NFL rules changes under consideration

NFL owners begin their annual meetings this weekend and will consider a few new rules being proposed. Some deal with overtime and others deal with player safety.

The NFL owners will conduct their annual meetings starting tomorrow and running through Wednesday in Orlando. While the labor negotiations will be a front-burner topic of discussion for much of the meetings, there are several items to watch for as the league meets.

One potential rules change that has received a lot of traction in the last two months is changing the rules for overtime in the playoffs, although there has yet to be a big groundswell of support to add it to regular-season games. The rule proposed by the competition committee would allow the team that didn't get the opening kickoff of overtime a chance with the ball if the team that won the toss kicks a field goal. If the team that wins the toss scores a touchdown, the game would be over. Many believe that the Vikings-Saints game will provide extra impetus to get the rule changed. It has been brought to a vote in recent years to change this rule, but 18 votes are the most it has received. To change a rule, 24 votes (75 percent) is needed.

Another issue that will get a lot of discussion is player safety. Over just the last year or two, the impact – both short-term and long-term – of players sustaining concussions or serious injuries when defenseless has come to the forefront. One proposed rules change deals with defenseless receivers. It would call for a 15-yard personal foul to any defensive player who leaves the ground to lay a big hit on a receiver who hasn't had time to protect himself from a big impact.

Another safety-related issue will be to follow the rules of college football when a player loses his helmet. Because of the violence of the NFL, players who lose a helmet during a play are much more susceptible to serious injury. A proposal would call for a play to be blown dead when a ball carrier loses his helmet.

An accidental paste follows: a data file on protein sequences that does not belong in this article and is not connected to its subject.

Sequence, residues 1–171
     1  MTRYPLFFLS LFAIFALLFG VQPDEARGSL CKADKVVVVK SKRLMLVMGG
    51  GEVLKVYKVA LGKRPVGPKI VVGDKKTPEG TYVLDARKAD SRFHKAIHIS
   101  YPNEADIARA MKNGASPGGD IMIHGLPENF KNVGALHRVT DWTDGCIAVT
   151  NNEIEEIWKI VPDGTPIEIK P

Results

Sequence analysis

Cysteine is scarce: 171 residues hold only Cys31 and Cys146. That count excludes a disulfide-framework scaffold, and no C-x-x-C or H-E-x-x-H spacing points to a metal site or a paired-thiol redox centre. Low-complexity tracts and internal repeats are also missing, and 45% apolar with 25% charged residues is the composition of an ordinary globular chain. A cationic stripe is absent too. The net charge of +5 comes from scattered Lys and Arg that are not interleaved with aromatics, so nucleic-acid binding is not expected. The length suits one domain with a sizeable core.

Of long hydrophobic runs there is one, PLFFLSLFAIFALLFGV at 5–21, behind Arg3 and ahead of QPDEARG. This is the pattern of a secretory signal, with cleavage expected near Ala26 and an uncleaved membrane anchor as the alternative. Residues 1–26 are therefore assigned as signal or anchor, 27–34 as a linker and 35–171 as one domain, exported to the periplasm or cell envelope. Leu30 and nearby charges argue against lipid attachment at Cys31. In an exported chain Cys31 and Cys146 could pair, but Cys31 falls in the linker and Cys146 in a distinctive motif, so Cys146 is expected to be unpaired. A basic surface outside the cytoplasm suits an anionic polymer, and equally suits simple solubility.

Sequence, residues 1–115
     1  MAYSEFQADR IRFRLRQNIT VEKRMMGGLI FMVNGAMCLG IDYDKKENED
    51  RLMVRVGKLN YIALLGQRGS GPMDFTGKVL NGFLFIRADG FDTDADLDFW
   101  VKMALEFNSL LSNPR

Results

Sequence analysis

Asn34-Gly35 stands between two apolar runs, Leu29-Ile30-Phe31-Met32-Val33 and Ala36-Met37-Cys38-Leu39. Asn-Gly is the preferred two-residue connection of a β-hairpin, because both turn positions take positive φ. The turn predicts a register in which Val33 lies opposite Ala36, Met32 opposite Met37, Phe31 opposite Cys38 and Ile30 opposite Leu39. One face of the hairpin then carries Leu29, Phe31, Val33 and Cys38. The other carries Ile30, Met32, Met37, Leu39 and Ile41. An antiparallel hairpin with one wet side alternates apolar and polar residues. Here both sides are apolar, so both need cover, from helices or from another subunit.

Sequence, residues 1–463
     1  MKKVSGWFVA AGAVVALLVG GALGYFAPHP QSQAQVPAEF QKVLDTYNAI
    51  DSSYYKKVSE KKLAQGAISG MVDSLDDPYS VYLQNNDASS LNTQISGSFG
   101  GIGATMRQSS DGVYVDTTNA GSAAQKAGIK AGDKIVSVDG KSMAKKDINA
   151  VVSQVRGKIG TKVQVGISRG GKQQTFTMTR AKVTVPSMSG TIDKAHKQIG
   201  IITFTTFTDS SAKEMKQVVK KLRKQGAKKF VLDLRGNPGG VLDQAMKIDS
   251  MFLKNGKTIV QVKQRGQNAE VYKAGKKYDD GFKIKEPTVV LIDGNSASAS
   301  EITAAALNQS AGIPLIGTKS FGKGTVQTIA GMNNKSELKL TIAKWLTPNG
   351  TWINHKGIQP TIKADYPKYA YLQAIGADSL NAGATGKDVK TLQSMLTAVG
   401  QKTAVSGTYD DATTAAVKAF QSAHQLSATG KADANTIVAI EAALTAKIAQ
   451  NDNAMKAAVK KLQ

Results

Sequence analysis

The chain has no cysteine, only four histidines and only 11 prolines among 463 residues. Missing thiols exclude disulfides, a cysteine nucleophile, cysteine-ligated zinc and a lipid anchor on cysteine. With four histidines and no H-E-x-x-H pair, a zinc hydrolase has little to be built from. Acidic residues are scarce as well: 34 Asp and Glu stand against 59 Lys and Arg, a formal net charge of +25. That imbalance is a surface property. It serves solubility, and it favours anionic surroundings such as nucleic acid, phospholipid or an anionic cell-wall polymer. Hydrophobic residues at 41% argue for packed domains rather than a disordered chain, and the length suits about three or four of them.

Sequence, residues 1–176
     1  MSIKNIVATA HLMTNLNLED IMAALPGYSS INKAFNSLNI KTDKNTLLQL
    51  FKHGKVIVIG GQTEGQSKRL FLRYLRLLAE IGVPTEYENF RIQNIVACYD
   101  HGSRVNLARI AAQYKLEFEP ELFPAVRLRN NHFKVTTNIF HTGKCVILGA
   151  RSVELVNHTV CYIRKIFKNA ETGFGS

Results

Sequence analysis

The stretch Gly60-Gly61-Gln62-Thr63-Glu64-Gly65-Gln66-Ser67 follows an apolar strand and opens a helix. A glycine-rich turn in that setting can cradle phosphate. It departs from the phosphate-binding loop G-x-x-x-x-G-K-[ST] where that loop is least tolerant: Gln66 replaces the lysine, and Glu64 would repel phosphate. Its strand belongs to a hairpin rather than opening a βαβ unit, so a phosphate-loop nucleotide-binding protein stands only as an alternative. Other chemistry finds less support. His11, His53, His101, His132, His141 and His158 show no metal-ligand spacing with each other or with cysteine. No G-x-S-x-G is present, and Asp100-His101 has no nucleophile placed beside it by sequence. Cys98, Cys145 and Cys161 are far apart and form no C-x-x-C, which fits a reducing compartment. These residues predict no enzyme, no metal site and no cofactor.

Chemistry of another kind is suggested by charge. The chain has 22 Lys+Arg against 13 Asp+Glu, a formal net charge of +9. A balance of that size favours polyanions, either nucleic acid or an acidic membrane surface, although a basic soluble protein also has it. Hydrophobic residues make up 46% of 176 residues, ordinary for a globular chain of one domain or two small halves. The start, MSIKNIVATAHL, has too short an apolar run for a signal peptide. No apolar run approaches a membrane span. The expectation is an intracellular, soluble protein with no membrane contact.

Other proposals include the potential of changing numbers for defensive players in 3-4 schemes to more easily identify players that are linebackers (which typically have numbers in the 50s) from defensive ends (which typically have numbers in the 90s). Another would call for a 10-second runoff in the final minute of a half or a game if a replay review overturns the call on the field if the play would have resulted in the clock still running.

The owners meetings are always the source of some news, some changes and potentially some controversy. While the focus will be largely on the pending storm clouds of a work stoppage in 2011, there will be a lot of topics on the agenda other than what will happen a year or more from now.


  • The first restricted free agents are starting get offer sheets and the Eagles made the first signing official by saying they won't match the Tennessee Titans offer to defensive end Jason Babin, which kicks in the offer sheet he signed. The Eagles are expected to get running back Mike Bell in the coming days, as the Saints aren't expected to match the offer sheet Bell signed with the Eagles earlier this week.

  • The rival UFL, which ran its inaugural season this year, is trying to talk the NFL into investing in their league. The current proposal would allow the NFL to buy a 30 percent share of the league, but it isn't expected to be on the owners' meeting agenda in the coming week.

  • Rumors out of Pittsburgh are that former Vikings defensive coordinator and current Steelers head coach Mike Tomlin is going to get a contract extension that could happen as quickly as the next week or so, but almost surely will get done before the start of training camp. The Steelers are notorious for holding on to coaches for extended periods of time. The team has had just three coaches since 1969 – Chuck Noll, Bill Cowher and Tomlin.

  • The Eagles may not be in the market for Vikings restricted free agent Ray Edwards after all. Earlier this week, the Eagles traded a fourth-round draft pick to Seattle for DE Darryl Tapp, who given a three-year contract extension worth $9 million. While it doesn't end the chase for a DE in the Eagles front four, Tapp said he believes he can be an every-down end in the Eagles defense, which is what Philly said it was looking for when rumors began that the team had an interest in Edwards.

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